In his famous book Amusing Ourselves to Death, Neil Postman writes of the pernicious effect of mass media:

The information, the content, or, if you will, the “stuff” that makes up what is called “the news of the day” did not exist — could not exist — in a world that lacked the media to give it expression. I do not mean that things like fires, wars, murders and love affairs did not, ever and always, happen in places all over the world. I mean that lacking a technology to advertise them, people could not attend to them, could not include them in their daily business.

Now they can. Postman was referring to the cultural sea-change represented by television. The same effect is compounded beyond measure by the Internet, which has, in essence, made everything “news.” It’s no longer enough to care just about what we read in our local newspaper — about the daily business of our own locality. We’re now called upon to care about Christians in Iraq and political prisoners in Iran and starvation in North Korea. Did you know that Robert Mugabe, the dictatorial president of Zimbabwe, celebrated his 91st birthday in February by dining on baby elephant? Shouldn’t we all be outraged by that, too?

A psychic siege is taking place.

It’s not difficult to see that our inclination to mobbishness is, at least in part, a reaction to being psychically overwhelmed by issues that are too complex, and too many, to sort through. Instead, we retreat, aiming to seize upon occasions for easy moral outrage. In the midst of so many troubles about which Sharon Osbourne, let alone the average Yelp reviewer, can do so little, social media is the perfect medium for theatrical, self-affirming expressions of moral superiority. The shrinking of the world has, in fact, shown us just how big it is. What can you do? Well, you can get mad.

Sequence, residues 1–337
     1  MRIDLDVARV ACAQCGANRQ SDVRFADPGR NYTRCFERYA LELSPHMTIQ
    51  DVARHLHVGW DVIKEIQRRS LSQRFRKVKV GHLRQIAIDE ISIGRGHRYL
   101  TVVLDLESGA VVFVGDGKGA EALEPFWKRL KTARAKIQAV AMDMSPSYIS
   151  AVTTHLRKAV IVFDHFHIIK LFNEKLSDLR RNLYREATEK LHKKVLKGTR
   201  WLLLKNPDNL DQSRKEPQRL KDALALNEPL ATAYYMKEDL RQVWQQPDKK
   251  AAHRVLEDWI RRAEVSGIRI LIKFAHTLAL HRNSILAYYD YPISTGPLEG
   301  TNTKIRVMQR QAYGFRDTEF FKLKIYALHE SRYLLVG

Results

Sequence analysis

There are no solutions to this problem, but it might be mitigated. In an earlier time, the excesses of a Walter Palmer would have been the interest of Zimbabwean authorities, perhaps a few American policemen, and whatever private sporting organizations he belonged to. The “daily business” of London lawyers, Dutch cat owners, and electronica producers in Dubai — all of whom have demanded that Palmer himself be hunted down — would have been considerably more provincial. Without neglecting crucial matters of national or international concern, an effort to refocus on the provincial could do much good. What does it matter to a citizen of Buffalo, N.Y., or Plainview, Tex., that a Minnesota man killed a lion halfway around the world? Nothing. But it matters a great deal if your Buffalo neighborhood is succumbing to blight, or if your child’s Plainview public school is lousy. And, of course, about those problems a person can do something. This is “daily business” to which one can actually attend.

The problem, of course, is that you cannot credibly posture on Twitter about a dangerous intersection nearby. Rage is easy; responsibility isn’t. Most people would rather roar about lions.